Australia markets close in 44 minutes

    -16.60 (-0.21%)
  • ASX 200

    -19.20 (-0.25%)

    +0.0009 (+0.13%)
  • OIL

    -0.01 (-0.01%)
  • GOLD

    -3.80 (-0.16%)
  • Bitcoin AUD

    -515.00 (-0.52%)
  • CMC Crypto 200

    -38.32 (-2.76%)

    +0.0014 (+0.22%)

    +0.0038 (+0.35%)
  • NZX 50

    -96.21 (-0.82%)

    +6.11 (+0.03%)
  • FTSE

    +49.14 (+0.60%)
  • Dow Jones

    +56.76 (+0.15%)
  • DAX

    +63.76 (+0.35%)
  • Hang Seng

    +355.30 (+1.98%)
  • NIKKEI 225

    +2.01 (+0.01%)

Ant veteran turns to NFT verification for SXSW festival VIP feast

As funding into web3 projects cools down during the crypto winter, startups in the space are increasingly focused on building bridges for mass adoption and exploring revenue opportunities to stay afloat. The key to driving mass adoption? Offer experiences that are so seamless that users don't realize blockchain is involved.

One company that is demonstrating how blockchain can come in handy in real life is Kansas-based Redeem, which allows users to claim non-fungible tokens using phone numbers rather than having to set up crypto wallets. Off the back of its recent $2.5 million pre-seed funding round led by Kenetic Capital, the startup is deploying its NFT solution to manage a VIP dinner at the tech festival SXSW this week.

The co-founder and CEO Toby Rush is a third-time entrepreneur who, in 2016, sold his biometric company EyeVerify to Ant Group, the fintech affiliate of Alibaba, for $100 million. Few other companies in the world are as adroit as Ant in building intuitive fintech products. Together with its nemesis Tencent, Ant popularized the use of scan-to-pay to over one billion people in China.

Rush subsequently got acqui-hired by Ant's corporate venture team, focusing on blockchain deals. It was an experience that paved the way to find practical use cases for blockchain.


"As you know, cryptocurrencies aren't allowed in China. NFTs that we have over here aren't really a thing in China. But hardcore business use cases are. How can blockchain make businesses better? That was my investment focus," Rush told TechCrunch in an interview.

"So as I started to learn about blockchain, it was very much practical, realistic. It's not that how do we go trade in NFTs, how do we create a new token, it was really much more what I would call hardcore business cases," he added.

Rush eventually identified a use case for NFTs and started Redeem early last year. He was fascinated by the technology "not as pictures, but as a digital asset that can live outside the walled gardens of Apple, or Google or Facebook, Ticketmaster, or Visa," he admitted.

"When I can own a little piece of data outside of their walled gardens, lots of other people can engage and collaborate with me in an open ecosystem."

The challenge of utilizing NFTs, he reckoned, is that the onboarding process and even using them after onboarding is really hard. Instead of building an NFT infrastructure from scratch, Toby looked to an established, ubiquitous global directory system -- phone numbers.

"Carriers have spent billions of dollars making sure there's only one device in the world that can use my phone number right now. There are 6.8 billion smartphones already deployed, so leverage that -- if you have your phone, you have a wallet," he explained.

This is how Redeem helps bring users into web3 by opening their first wallets, the gateway into all things crypto. Say they are attending an event that distributes NFTs as swag, they will first scan a QR code with their phones. Two links will pop up -- onboard via SMS or WhatsApp. Say the users pick WhatsApp, Redeem will then automatically create wallets for them in the backend, put NFTs into their wallets and send them a message on WhatsApp linking to their newly created wallets.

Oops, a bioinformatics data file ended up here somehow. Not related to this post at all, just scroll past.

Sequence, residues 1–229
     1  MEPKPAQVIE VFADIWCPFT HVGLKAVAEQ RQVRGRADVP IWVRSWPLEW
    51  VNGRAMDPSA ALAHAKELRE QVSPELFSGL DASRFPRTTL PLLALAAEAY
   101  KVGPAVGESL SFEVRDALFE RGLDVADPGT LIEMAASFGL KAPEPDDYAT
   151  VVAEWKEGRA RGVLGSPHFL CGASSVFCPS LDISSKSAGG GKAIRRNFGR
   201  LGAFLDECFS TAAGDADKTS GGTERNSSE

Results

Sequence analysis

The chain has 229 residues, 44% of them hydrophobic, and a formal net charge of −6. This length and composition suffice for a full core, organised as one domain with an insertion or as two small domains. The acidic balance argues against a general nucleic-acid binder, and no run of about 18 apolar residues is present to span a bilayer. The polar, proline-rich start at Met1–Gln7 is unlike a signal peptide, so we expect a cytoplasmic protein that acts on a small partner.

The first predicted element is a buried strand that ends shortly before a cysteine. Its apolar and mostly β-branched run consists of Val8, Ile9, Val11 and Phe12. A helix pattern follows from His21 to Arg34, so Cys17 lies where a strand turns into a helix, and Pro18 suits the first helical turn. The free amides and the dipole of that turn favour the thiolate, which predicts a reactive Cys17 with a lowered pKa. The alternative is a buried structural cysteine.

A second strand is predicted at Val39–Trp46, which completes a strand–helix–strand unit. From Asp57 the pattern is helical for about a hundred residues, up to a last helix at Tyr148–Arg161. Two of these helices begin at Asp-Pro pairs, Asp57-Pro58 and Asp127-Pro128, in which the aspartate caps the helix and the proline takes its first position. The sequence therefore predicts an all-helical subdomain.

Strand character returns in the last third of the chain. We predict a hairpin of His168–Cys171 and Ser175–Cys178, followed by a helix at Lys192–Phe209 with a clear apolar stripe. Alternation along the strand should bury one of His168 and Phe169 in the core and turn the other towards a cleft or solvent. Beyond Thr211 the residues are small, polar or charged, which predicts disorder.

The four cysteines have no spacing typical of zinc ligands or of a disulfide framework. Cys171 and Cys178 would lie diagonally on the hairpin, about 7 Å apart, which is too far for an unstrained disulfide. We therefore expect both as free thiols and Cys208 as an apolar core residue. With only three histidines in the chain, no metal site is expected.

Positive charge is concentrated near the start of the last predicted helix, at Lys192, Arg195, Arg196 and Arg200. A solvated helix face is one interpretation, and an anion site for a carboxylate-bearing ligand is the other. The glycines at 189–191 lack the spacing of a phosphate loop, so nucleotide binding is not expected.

Basically, Redeem is using users' phone numbers to authenticate who they are and create unique wallets. Rather than having them go through the process of signing up for a wallet and noting down the 16-word recovery phrase, it leverages the popular methods of QR code scanning and text messaging.

"When you send a message, there's only one device in the world that can send a message from your phone, and that's you. When you get to choose your preferences, it's creating a message, so it's pre-populating who it's sending it to, and this is the NFT you want to claim. When you hit send, your phone number is claiming this NFT. So we create a wallet and send you a response back, and you are onboarded."

The system can similarly be used to authenticate people's access to events. At the VIP dinner at SXSW hosted by Arkive, a company that is building a decentralized museum, Redeem's solution is helping to verify the identity of 200-something attendees. Once they scan the QR code at the gate, Redeem's backend will check whether they have the required NFT ticket in their wallets that are linked to their phone numbers.

Redeem isn't trying to be a wallet itself but more a connectivity layer through a B2B2C strategy. Users can bind their wallets, be it Metamask or Phantom, to Redeem as their default solution.

And why should event organizers use NFTs rather than the traditional ticketing system? The differences lie in control. In existing practices, centralized ticketing enablers like Ticketmaster control users' data. In web3, any group can engage with an audience through NFTs without having to ask permission from Ticketmaster.

Redeem is already getting traction from event organizers. While Rush declined to disclose who his company is talking to, he hinted that these are "brands that do lots of sponsorship and marketing and live events."

"So they want to do activations on-site, but they don't want activations to stop on-site. If they get NFTs, there's a way for them to do lots of post-event engagement," Rush said.